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anonymous
 4 years ago
Given: f'(x)=4x^3+4x+6. How many points of inflection will the graph of f(x) have?
anonymous
 4 years ago
Given: f'(x)=4x^3+4x+6. How many points of inflection will the graph of f(x) have?

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anonymous
 4 years ago
Best ResponseYou've already chosen the best response.0Find the second derivative... find the derivative of this (since this equation is already the first derivative) and set it equal to 0.. that will be where your point(s) of inflection will be.

anonymous
 4 years ago
Best ResponseYou've already chosen the best response.0for my second derivative i got f"(x)=12x^2+4 but I dont think there will be any points am I correct?

anonymous
 4 years ago
Best ResponseYou've already chosen the best response.0If you set your second derivative equal to 0, you will get a point.

anonymous
 4 years ago
Best ResponseYou've already chosen the best response.0Should I use the quadratic formula?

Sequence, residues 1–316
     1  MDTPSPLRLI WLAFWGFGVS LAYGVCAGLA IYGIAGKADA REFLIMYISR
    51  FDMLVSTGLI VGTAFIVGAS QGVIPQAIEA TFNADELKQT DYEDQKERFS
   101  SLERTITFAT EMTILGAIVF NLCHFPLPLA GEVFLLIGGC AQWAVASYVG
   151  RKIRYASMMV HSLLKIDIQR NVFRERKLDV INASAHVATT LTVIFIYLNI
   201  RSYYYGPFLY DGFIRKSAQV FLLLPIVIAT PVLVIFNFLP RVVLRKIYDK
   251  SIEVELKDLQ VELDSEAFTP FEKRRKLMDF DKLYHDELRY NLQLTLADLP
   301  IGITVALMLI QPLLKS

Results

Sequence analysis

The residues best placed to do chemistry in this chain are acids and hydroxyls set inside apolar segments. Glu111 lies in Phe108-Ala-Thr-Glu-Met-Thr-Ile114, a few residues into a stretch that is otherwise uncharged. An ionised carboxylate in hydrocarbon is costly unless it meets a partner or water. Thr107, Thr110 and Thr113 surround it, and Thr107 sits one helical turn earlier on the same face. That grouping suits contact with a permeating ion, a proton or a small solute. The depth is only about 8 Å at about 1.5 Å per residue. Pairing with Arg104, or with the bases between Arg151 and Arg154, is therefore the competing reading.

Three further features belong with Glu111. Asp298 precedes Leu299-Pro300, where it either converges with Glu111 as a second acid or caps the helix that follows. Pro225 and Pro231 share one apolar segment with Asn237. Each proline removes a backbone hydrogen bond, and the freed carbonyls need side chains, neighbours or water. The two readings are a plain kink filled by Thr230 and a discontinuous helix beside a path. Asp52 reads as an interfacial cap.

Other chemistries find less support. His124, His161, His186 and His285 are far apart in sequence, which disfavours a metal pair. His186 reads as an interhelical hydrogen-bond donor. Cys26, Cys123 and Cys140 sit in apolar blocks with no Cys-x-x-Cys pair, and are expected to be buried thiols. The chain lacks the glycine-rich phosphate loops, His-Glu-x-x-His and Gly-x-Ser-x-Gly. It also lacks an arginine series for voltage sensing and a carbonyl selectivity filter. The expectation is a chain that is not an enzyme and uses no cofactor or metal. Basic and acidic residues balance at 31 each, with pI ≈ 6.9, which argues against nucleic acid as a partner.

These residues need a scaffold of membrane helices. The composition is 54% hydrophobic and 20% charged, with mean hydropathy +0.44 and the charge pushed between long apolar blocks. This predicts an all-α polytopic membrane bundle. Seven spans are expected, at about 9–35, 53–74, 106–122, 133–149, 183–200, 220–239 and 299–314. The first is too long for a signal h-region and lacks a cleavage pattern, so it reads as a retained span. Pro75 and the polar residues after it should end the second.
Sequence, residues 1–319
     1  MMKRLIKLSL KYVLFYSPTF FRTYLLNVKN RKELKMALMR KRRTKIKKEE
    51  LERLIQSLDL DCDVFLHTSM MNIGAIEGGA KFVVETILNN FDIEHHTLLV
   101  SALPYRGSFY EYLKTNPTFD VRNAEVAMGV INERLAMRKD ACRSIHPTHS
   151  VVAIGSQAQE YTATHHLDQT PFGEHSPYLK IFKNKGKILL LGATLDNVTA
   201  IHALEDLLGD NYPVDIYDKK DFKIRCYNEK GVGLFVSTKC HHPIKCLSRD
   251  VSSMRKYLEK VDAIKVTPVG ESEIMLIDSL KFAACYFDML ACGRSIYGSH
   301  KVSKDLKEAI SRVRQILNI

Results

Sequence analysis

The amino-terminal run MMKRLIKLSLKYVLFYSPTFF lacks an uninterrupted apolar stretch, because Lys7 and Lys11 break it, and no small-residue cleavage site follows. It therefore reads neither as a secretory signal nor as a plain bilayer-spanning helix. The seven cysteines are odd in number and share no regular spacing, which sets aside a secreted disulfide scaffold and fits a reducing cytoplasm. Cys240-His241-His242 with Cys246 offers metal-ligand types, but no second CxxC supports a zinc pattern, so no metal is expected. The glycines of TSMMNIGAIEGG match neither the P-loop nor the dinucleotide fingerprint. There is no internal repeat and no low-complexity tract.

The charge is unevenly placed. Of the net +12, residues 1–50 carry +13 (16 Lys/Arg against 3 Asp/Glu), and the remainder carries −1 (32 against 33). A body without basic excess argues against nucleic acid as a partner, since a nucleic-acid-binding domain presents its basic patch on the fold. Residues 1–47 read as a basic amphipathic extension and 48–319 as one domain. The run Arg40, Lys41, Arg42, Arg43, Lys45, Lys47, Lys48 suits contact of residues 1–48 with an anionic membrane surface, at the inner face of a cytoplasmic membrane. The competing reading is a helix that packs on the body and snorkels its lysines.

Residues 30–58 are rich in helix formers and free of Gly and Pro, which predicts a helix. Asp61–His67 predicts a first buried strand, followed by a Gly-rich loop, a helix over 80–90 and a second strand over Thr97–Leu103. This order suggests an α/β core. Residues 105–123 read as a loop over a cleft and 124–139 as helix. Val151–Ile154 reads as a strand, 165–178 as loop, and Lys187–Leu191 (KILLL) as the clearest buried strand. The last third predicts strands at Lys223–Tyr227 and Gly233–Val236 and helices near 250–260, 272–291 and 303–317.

anonymous
 4 years ago
Best ResponseYou've already chosen the best response.0Second derivative = 12x + 4 = 0 12x = 4 x=  1/3

anonymous
 4 years ago
Best ResponseYou've already chosen the best response.0So you will have 1 point of inflection. You can check this by integrating the first derivative to find the original function. f(x) would be x^4 + 2x + 6x. Graph this and you will see there is one point of inflection.

anonymous
 4 years ago
Best ResponseYou've already chosen the best response.0No the second derivative would be 12\[x^2\]+4

anonymous
 4 years ago
Best ResponseYou've already chosen the best response.0b/c arent I suppose to subtract 1 from my exponent? each time I take my derivative

anonymous
 4 years ago
Best ResponseYou've already chosen the best response.0Oops, yes. Oh I see now. I would say no points of inflection

anonymous
 4 years ago
Best ResponseYou've already chosen the best response.012x^2 + 4 = 0 x^2 = 1/3 but squares of numbers cannot be negatives

anonymous
 4 years ago
Best ResponseYou've already chosen the best response.0okay thanks! I appreciate the help.
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